Why food allergies should be seen as a business opportunity, not a threat

Posted: 2 November 2022 | | No comments yet

Director and Founder of, Liljia Polo-Richards, highlights how a change of perspective can benefit both consumers and businesses.

waitress helping customer

The last few years have been marked by some tragic and unfortunate deaths caused by allergic reactions to food ordered in restaurants or purchased at takeaway outlets.
Inevitably, these events have left a vast number of food venues feeling apprehensive and over cautious when it comes to serving people with food hypersensitivity.

To further complicate matters, food labelling regulations missed the chance to standardise the way information is communicated to consumers when Natasha’s Law came into force, meaning that some food manufacturers volunteer allergen information that is not necessarily accurate or helpful for the consumer.1

However, as the number of people affected by food allergies and coeliac disease continues to rise, food businesses should embrace this growing trend and seek opportunities in this space.2

In this article, I will explore the way restaurateurs currently deal with allergen information and allergen provision, reflect on the way this is communicated to the consumer and how improvements could be made by making simple adjustments, which will ultimately benefit businesses and their reputation.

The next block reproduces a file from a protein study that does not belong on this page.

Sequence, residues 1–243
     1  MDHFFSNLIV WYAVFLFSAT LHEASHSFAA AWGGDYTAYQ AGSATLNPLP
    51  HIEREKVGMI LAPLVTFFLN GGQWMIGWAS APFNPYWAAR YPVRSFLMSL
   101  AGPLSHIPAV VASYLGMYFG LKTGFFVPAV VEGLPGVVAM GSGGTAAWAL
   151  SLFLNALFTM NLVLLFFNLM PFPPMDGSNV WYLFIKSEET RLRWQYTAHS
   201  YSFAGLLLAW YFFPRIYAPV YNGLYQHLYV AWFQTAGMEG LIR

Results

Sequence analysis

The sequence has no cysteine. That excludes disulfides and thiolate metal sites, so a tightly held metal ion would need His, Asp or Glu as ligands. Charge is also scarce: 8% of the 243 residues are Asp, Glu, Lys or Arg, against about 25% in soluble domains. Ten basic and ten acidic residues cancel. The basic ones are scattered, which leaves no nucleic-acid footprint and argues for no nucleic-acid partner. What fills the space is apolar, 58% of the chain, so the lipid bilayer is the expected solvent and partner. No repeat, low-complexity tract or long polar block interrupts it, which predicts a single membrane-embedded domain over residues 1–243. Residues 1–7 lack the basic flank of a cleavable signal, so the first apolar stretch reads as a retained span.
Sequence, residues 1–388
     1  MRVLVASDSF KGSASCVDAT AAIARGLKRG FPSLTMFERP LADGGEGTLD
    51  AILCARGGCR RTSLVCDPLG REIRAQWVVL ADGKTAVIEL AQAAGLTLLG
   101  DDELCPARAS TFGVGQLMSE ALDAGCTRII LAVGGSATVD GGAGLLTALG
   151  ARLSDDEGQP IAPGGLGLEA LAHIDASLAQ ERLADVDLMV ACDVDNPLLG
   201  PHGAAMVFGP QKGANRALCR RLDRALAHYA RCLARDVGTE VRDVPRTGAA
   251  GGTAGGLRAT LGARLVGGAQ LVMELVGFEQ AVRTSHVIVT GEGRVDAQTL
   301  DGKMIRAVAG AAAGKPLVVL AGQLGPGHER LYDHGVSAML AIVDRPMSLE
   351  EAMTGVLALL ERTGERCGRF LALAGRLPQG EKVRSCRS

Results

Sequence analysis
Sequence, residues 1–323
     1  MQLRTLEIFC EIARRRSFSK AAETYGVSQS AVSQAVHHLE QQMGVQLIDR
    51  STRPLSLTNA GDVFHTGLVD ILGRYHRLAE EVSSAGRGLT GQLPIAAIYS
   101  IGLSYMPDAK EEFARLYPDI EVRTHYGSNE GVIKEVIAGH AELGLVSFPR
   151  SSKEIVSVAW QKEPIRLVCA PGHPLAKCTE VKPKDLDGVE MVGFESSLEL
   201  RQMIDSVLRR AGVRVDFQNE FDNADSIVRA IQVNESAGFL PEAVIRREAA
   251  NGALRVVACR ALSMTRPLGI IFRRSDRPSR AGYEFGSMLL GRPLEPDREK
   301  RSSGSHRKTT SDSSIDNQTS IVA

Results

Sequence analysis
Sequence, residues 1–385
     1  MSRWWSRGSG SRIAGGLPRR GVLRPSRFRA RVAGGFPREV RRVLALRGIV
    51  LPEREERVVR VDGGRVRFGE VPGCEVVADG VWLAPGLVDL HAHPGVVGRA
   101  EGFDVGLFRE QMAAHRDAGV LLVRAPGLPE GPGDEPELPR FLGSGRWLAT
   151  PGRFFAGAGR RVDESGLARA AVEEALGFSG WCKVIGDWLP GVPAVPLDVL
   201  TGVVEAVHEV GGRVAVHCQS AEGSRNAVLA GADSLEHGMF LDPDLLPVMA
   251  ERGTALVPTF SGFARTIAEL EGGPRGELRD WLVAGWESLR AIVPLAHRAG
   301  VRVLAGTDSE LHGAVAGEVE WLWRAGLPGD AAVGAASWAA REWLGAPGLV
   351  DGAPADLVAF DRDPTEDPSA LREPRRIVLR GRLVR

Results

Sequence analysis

The fear

Several high-profile businesses have grabbed the media’s attention over the last few years. Irrespective of who was at fault or which loophole companies used to protect their legal stance, young people sadly died due to allergic reactions caused by the food they ordered and ate at these establishments. Inevitably, these businesses learned some tough lessons, their reputation was partly damaged and consumer confidence took time to be regained.

Other establishments who weren’t directly impacted by such events took the opportunity to revisit their own internal policies and ensure their allergen procedures were watertight.
Some chains and independent restaurants also spotted the need to be smart with their menus, create options for a variety of dietary requirements, and remove any unnecessary allergens and ingredients. Making mistakes can be costly and attracting customers by building a strong reputation in this space makes a lot of business sense.

Turning people away is not the way forward.

For example, some big chains do not openly state that they have gone nut free, but their target clientele is largely aware that these ingredients are not used in their kitchens and therefore trust their brands. Offering vegan and gluten-free options is also an almost guaranteed success factor for these restaurants, causing other similar establishments to have followed this trend.

However, food venue owners are also acutely aware that cross-contamination could and can occur in their kitchens; their seasonal members of staff could lack knowledge in the allergen space; their suppliers’ labelling is so overzealous with information that they fear one of their customers could have a reaction from something that has been produced in a factory that handles certain allergens, although these aren’t present in their food, even in trace amounts. Given the high stakes, these combined factors fuel the fear that if something goes wrong, business owners could end up in jail and be liable for any damage caused. Suddenly, customers with food allergies are seen as a threat to a business; an unwelcome guest.